If you are to tell the most successful companies of today, you mightn’t forget to name Amazon and Netflix. True! On Tuesday a study revealed that tactics these tech corporations adopt are surprisingly effective. Consequently, scientists search for everything from oil and gas to copper and gold are adopting techniques used by tech companies like Amazon, Netflix to sift through large amounts of data.
The method has already helped discover 10 carbon-bearing minerals and could be widely applied to exploration, they wrote in the journal American Mineralogist.
“Big data points to new minerals, new deposits,” they wrote of the findings.
The technique goes beyond traditional Geology by amassing data about how and where minerals have formed, for instance by the cooling of lava after volcanic eruptions. The data can then be used to help find other deposits, Reuters reported.
“Minerals occur on Earth in clusters,” said Robert Hazen, executive director of the Deep Carbon Observatory at the Carnegie Institution for Science in Washington and an author of the study.
“When you see minerals together, it’s very like the way that humans interact in social networks such as Facebook,” he said.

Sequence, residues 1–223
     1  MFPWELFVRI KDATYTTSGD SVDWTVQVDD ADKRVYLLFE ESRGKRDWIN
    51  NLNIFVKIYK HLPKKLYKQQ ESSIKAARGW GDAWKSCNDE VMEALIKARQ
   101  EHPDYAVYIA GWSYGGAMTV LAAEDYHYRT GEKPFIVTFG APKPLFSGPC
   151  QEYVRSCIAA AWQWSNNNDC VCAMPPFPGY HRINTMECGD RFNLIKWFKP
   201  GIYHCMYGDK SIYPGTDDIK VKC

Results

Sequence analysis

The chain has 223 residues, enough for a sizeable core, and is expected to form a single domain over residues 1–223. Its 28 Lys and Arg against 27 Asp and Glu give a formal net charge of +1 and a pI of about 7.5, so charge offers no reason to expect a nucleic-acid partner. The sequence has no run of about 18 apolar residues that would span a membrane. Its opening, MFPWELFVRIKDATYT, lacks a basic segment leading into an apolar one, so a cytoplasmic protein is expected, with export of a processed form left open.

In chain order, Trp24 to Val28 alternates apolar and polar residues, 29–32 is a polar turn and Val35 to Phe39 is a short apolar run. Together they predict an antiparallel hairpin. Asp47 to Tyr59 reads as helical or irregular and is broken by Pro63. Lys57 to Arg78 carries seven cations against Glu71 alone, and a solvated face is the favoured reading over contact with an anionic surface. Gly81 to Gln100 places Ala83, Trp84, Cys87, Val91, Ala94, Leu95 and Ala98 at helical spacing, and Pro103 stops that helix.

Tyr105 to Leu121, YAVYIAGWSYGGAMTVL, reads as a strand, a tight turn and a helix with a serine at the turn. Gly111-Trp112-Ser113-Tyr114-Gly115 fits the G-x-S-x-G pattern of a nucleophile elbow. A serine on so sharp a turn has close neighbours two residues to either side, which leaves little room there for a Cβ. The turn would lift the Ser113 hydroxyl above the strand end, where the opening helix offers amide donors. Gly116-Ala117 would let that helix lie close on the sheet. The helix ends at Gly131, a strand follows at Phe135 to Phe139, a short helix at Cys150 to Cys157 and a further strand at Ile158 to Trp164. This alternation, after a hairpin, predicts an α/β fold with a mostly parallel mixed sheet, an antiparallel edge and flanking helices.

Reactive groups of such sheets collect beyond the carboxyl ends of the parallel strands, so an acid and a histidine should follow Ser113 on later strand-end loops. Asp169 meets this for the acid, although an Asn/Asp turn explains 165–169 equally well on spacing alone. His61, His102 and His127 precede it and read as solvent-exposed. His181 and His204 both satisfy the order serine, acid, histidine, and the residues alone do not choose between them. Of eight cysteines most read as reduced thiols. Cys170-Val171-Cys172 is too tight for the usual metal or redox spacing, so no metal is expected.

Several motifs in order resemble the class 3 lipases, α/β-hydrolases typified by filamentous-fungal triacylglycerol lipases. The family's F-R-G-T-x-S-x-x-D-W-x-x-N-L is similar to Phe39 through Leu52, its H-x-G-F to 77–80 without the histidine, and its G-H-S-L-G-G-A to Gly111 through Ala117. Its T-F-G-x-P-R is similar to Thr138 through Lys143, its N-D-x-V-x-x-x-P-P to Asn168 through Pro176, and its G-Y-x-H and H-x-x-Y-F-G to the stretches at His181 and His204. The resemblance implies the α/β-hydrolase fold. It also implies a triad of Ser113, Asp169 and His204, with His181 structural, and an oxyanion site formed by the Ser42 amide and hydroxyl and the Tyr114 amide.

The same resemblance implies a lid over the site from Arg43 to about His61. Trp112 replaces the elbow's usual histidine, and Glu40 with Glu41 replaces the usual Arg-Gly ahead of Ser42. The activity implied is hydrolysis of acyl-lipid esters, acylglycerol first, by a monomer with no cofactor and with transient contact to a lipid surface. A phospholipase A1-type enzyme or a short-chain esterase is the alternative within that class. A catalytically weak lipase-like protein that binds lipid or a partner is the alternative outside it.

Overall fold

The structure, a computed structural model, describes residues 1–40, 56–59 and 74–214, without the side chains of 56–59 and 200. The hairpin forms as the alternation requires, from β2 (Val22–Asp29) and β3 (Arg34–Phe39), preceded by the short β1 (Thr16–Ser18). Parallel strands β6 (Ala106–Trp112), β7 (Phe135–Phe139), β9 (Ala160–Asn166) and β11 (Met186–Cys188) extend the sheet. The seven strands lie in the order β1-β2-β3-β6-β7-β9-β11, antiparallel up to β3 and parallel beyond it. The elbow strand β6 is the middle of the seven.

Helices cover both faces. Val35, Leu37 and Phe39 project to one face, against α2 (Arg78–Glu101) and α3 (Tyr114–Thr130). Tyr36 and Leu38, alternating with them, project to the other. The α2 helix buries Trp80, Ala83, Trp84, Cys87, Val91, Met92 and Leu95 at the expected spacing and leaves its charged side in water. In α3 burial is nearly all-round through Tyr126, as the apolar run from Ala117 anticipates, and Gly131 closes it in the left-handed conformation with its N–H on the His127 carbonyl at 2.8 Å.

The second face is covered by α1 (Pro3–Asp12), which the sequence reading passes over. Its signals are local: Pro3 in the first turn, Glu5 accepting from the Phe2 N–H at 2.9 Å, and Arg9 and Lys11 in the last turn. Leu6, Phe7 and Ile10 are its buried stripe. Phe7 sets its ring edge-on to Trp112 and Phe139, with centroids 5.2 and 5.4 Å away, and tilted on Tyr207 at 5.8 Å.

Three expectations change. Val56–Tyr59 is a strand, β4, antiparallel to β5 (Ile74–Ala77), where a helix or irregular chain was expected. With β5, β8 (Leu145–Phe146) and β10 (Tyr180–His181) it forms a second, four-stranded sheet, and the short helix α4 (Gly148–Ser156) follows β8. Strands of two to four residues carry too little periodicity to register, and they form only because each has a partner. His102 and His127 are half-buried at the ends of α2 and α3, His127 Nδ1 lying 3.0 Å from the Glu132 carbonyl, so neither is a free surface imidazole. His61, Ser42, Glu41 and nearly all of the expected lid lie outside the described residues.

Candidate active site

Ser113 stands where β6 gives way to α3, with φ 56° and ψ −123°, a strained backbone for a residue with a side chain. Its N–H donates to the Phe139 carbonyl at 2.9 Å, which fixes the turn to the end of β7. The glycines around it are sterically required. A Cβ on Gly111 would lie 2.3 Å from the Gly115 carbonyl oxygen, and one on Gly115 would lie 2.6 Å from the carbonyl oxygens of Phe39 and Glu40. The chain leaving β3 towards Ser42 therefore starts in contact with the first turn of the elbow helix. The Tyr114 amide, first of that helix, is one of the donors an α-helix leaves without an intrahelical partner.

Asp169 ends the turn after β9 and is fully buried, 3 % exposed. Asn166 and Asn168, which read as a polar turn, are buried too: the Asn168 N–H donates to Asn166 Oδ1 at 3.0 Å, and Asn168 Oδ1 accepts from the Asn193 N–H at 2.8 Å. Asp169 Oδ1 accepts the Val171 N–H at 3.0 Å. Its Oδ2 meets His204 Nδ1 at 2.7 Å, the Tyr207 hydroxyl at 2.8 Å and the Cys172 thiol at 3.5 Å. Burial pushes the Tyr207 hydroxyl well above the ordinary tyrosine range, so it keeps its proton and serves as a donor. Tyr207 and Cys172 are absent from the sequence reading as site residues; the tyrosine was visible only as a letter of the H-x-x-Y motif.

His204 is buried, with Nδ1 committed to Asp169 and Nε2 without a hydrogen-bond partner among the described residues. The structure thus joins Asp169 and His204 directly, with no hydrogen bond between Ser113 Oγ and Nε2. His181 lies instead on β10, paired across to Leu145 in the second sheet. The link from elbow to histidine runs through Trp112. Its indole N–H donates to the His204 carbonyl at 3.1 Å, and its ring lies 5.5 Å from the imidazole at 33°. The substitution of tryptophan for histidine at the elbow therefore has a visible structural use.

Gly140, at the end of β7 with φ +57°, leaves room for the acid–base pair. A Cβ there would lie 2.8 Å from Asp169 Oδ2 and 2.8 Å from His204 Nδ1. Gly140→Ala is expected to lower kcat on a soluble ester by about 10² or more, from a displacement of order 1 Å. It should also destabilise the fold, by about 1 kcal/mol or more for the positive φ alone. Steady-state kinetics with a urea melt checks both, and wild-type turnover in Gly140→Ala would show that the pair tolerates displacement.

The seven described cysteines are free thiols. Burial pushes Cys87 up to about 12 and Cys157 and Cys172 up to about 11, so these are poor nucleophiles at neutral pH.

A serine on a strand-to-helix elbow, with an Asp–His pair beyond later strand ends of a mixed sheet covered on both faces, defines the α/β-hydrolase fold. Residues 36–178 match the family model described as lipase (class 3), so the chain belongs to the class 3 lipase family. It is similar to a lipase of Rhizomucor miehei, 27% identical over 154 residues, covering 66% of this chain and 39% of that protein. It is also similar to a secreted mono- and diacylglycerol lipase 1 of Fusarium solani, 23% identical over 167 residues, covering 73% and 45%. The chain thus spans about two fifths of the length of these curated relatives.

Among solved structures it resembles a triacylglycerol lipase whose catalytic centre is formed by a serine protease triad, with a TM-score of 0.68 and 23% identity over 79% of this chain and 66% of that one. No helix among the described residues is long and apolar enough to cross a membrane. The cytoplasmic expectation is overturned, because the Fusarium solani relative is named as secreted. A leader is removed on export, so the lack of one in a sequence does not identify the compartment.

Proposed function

Hazen said the technique was also like Amazon, which recommends books based on a client’s previous orders, or by media streaming company Netflix, which proposes movies based on a customer’s past viewing habits.
“They are using vast amounts of data and make correlations that you could never make,” he said.
Lead author Shaunna Morrison, also at the Deep Carbon Observatory and the Carnegie Institution, said luck often played a big role for geologists searching for new deposits.
“We are looking at it in a much more systematic way,” she said of the project.
Among the 10 rare carbon-bearing minerals discovered by the project were abellaite and parisaite. The minerals, whose existence was predicted before they were found, have no known economic applications.